April Jeppson: See the blessings in your life this Thanksgiving

Published 8:03 pm Thursday, November 15, 2018

Every Little Thing by April Jeppson

April Jeppson


Sandwiched between two holidays that are far more commercialized, Thanksgiving gets kind of a raw deal. There is no Thanksgiving tree or Thanksgiving lights, kids don’t dress up or go door-to-door asking for stuffing or pumpkin pie. I’ve never heard someone say their house is all decorated for Thanksgiving. I don’t believe this holiday gets the love it deserves.

Email newsletter signup

I kind of dig that this holiday is less commercialized. It’s simpler and more about family and traditions. It has nothing to do with the decorations you purchase. You need a turkey. If you have a turkey, you can hold a perfectly good Thanksgiving. I mean, a pie would be nice, too.

So, since we’re talking about pie — as a kid I never cared for pie. I didn’t like the crust and the mushy insides that kind of tasted like apple or pumpkin — it just didn’t do it for me. Then I discovered pudding pies. Banana cream, chocolate — anything in a graham cracker crust, basically. Oh man, my eyes were opened. We have friends who visit us every fall, and they bring a giant pumpkin pie with them. It takes up half a shelf in our fridge and is worth every inch of real estate. My pallet has adjusted over the years, and I’ve also discovered that enough whip topping pretty much makes everything taste amazing.

Do you still dress up for Thanksgiving? I remember putting on some of my nicest clothes before we’d head over to my grandma’s house. Back then, my nicest clothes consisted of a pair of dark jeans or corduroy pants and a nice flannel shirt. Oh the ’90s. I’m pretty sure I tucked in my shirt and the coordinating flannel that went over it. I might have even had a beaded choker. Anyway, it was kind of fun to get together with my cousins and sit around the table enjoying this food that only came around once a year.

I think everyone has their favorite side dish. Candied yams, stuffing, mashed potatoes and gravy, cranberries — mine is green bean casserole. Please don’t make it fancy, either. I like my beans French cut from the can; actually just make it like the back of the cream of mushroom soup tells you to. Add an extra splash of soy sauce and a few more fried onions, and hot dang I’m already salivating! In fact, if I can get a piece of turkey, with a little stuffing, some gravy and some of my casserole — this literally must be what heaven tastes like. If heaven has a taste.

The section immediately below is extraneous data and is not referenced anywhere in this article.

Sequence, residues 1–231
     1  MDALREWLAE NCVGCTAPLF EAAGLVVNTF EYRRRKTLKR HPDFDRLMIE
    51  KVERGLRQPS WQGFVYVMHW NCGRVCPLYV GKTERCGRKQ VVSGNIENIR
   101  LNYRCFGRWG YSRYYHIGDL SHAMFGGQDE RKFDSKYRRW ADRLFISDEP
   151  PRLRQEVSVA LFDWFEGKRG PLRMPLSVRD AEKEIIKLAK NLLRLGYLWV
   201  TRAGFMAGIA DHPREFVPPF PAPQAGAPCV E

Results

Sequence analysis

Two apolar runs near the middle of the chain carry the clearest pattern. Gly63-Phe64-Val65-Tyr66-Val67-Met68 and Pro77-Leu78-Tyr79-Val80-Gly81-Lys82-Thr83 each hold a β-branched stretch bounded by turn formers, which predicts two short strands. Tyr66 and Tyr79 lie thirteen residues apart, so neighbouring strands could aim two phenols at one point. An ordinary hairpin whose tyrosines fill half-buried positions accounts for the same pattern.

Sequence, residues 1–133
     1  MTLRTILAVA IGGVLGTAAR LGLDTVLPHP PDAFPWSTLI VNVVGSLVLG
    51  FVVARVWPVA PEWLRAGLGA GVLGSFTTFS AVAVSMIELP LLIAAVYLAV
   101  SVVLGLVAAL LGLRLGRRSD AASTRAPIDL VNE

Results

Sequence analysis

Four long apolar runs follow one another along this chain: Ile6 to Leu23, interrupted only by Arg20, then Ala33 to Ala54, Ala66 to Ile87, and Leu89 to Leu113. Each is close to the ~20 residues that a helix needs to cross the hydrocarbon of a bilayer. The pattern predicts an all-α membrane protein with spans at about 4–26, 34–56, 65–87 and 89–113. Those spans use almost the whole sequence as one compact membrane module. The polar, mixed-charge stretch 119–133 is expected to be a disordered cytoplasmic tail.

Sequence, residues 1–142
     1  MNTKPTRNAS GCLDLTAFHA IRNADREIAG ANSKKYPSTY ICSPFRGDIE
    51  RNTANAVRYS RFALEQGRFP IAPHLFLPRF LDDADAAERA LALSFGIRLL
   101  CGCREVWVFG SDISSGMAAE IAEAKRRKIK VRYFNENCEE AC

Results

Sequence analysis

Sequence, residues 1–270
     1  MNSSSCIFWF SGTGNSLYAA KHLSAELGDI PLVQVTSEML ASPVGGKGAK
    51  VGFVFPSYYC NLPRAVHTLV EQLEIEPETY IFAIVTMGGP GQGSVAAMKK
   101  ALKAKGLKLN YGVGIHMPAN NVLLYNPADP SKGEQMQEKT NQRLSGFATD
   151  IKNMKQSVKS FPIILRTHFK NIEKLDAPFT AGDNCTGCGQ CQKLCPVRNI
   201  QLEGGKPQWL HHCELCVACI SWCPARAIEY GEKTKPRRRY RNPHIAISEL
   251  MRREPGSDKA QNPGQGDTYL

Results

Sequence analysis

Another thing I don’t like messed with is my cranberries. Slide them out of the can onto a dish and cut them into smooth little circles for all to enjoy. If you offer me something with chunks or actual cranberries, no thank you. To quote the late, great Anthony Bourdain, “Thanksgiving is not the time for innovation … Give the people what they want, and make sure it’s consistent with what they remember.” Yes. 100 times, yes.

We also have this tradition of going around the table and saying one thing we are thankful for. As a kid it was sort of awkward. You’d make eye contact with your cousin and start to giggle, or you weren’t sure what you should say. As an adult, it’s more of a moment to look around the table and realize that everyone sitting there is a blessing. The roof over my head. The fact that we have warm, delicious food to eat. Instead of not knowing what to say, I’m now daunted with the task of limiting it to just one thing.

As the next week approaches, I hope you’re able to enjoy some traditions of your own. I hope someone makes a dish that takes you back to your childhood. And I really hope that you’re able to look around the table and see all those blessings in your life.

Albert Lean April Jeppson is a wife, mom, coach and encourager of dreams.